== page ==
Bad girl Rihanna grows on her 7th CD but keeps an edge on ‘Unapologetic’
RICH LOPEZ | Contributing Writer
Earlier this month, I was among the cadre that joined Rihanna for her 777 Tour — seven concerts, seven days, seven countries. The intention was to hype up the release of her seventh album, Unapologetic … and make a splash on the charts and with her fans. The plan worked: Unapologetic debuted at No. 1. But promo aside, was the album worth the trouble?
Whether seven is lucky or just a number, it’s all good for RiRi’s latest. This is the album we’ve been waiting for since her major breakthrough, Good Girl Gone Bad, in 2007. Averaging a staggering album per year since 2009’s Rated R, Rihanna has been dropping hits with abandon. 2010’s Loud and last year’s Talk That Talk were almost mashups, with cohesion that struggled despite strong singles. Somehow, Unapologetic shows the grace and patience of an album years in the making even though she began recording it in June.
She pulls off a solid record despite the troubling opener “Fresh off the Runway.” Skip that mess and head to its lead single, second track “Diamonds.” Here, Rihanna blossoms into more than she’s ever been. (It doesn’t hurt that the Norwegian team StarGate and lesbian singer Sia co-wrote this stunner.) The song is leaps and bounds ahead of any of Ri’s previous work and also keeps away from her usual tone (slightly self-absorbed) or intent on displaying her swagga-tude. Instead, she matures into womanhood here, delivering fantastic vocals runs over an emotional soundscape.
Contributors at this level push the album above the hardness of her previous catalog, yet Rihanna is far from absent. She executive produced and co-wrote 11 of the 14 tracks on the regular edition (if you go for the deluxe, you’re getting remixes of “Diamonds,” the song “Half of Me” and a concert DVD) and exudes confidence in her performance. Sometime she goes a little Beyonce, like on “What Now,” but she’s gained a grasp of who she is and her intention on Unapologetic isn’t to be defiant so much as it is to be focused.
The tone stays even although the songs range from electronica-tinged tracks to sultry ballads. What’s missing is a strong dance track a la “Only Girl (In the World)” or “We Found Love,” that usually anchors a Rihanna album. “Right Now” with David Guetta, while fine, lacks power. She buoys the disc with impressive numbers that straddle the chill side of pop and the sophisticated side of EDM.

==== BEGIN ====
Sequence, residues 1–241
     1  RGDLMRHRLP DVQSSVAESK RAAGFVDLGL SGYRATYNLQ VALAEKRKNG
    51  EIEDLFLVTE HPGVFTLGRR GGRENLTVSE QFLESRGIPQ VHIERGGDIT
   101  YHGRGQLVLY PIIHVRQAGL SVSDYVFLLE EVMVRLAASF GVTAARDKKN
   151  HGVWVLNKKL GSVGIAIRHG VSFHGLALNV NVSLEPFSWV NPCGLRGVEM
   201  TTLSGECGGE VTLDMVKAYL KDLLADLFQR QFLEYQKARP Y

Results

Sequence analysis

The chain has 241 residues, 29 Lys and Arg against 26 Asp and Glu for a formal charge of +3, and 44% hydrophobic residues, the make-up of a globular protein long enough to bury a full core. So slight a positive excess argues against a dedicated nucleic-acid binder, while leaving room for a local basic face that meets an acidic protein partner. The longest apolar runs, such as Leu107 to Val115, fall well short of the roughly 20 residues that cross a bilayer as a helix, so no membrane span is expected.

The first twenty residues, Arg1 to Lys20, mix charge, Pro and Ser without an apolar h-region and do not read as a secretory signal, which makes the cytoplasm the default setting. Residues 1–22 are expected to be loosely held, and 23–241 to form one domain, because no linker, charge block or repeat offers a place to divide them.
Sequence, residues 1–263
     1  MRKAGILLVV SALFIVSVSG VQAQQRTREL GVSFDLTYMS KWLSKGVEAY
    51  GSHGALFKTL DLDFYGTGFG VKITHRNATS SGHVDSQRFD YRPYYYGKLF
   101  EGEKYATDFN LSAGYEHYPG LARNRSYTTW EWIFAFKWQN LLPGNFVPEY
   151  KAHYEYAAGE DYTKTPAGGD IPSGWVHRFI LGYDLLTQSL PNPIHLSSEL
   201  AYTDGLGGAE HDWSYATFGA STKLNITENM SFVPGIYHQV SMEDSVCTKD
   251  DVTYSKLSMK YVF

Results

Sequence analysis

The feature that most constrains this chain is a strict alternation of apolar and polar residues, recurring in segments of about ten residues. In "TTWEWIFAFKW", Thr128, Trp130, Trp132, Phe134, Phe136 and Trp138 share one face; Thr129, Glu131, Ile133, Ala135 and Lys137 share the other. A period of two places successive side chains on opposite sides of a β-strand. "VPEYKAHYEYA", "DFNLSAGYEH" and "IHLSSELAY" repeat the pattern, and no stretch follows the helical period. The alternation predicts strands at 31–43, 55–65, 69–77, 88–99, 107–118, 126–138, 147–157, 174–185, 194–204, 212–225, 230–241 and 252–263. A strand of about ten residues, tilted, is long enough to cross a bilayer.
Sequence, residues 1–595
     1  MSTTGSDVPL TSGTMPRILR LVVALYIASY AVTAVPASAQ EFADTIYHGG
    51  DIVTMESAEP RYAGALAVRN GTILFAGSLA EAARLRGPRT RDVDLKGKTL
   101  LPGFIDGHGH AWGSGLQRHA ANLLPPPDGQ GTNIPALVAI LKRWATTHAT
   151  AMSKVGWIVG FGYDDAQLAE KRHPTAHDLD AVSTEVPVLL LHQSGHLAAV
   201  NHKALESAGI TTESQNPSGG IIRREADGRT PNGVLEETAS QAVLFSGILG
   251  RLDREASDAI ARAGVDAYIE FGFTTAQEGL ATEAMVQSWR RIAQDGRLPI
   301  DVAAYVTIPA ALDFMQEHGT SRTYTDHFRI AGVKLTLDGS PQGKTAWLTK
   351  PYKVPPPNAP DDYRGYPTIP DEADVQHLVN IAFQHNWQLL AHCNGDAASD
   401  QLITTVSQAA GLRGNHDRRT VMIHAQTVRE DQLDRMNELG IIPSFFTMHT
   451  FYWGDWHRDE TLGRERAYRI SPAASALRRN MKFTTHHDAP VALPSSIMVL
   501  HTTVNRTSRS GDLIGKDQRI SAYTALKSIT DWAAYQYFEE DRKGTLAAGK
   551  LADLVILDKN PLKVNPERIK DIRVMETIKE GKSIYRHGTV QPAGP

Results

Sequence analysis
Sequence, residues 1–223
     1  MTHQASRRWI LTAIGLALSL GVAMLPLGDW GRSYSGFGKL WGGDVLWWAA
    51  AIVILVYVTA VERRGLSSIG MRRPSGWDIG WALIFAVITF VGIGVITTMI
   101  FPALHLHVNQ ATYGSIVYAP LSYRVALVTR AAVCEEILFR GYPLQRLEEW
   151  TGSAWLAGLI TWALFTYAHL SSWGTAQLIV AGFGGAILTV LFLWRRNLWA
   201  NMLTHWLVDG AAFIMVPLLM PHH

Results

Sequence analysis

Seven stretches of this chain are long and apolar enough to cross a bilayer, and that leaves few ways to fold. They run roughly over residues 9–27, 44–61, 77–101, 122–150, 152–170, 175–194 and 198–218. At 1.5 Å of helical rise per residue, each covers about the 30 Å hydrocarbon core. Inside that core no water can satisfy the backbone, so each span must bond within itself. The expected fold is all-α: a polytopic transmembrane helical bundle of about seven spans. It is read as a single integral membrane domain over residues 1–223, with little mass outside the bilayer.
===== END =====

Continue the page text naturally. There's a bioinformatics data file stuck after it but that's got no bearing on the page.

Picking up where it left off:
The misses are few but spectacular, such as the ridiculously titled “Loveeeee Song” with Future. The song is his while Rihanna pops in with a few vocals, but it’s far more interesting when she’s in on this quiet storm. The song could be ultra sexy if Future’s vocals weren’t AutoTune’d until he sounds like a broken muffler. She gets to her Barbadian roots in “No Love Allowed” with island music flavored beats that sound gratuitous and out-of-place.
Rihanna’s releases post-Good Girl have been eclipsed by her time with Chris Brown and all that comes with that. He shows up here on the forgettable “Nobody’s Business,” but hopefully her declaration of sing it to the world / always be my boy / always be your girl / ain’t nobody’s business can settle the fact that she and Brown are clearly gonna be an item and we can move on.
Rihanna re-teams with Eminem on “Numb” to magic. Seductive and sophisticated, it merges eccentric sounds with Eminem’s cocky rhyming that is borderline silly, but still keeps its cool. She flips from slinky into delicacy with the ballad “Stay.”
While I have no idea what she’s singing about in “Love Without Tragedy/Mother Mary,” she injects drama with finesse to the seven-minute epic. She kept away from minute long interludes like last year’s “Birthday Cake” or Rated R’s “Mad House” which were just confusing. Now she’s growing into giving us weighty tunes that have cohesion with each other instead of a playlist.
Fans packed small venues for Rihanna’s 777 Tour and cheered for her big hits when she sang “Umbrella” or “Talk That Talk,” but they relished her new stuff. Rihanna is one of the biggest pop stars at the moment, yet it’s hard to pin down why. After her breakthrough, she just pounded the radio with solid hits but forgettable albums. Then she seemed to appear on everyone else’s albums in between like Nicki Minaj, Drake and Coldplay. But Unapologetic is just smart enough to give us reason to believe that Rihanna, as a solo artist, deserves to be on that A-list mantle and hopefully an indicator of stronger releases to come.
This article appeared in the Dallas Voice print edition November 30, 2012.
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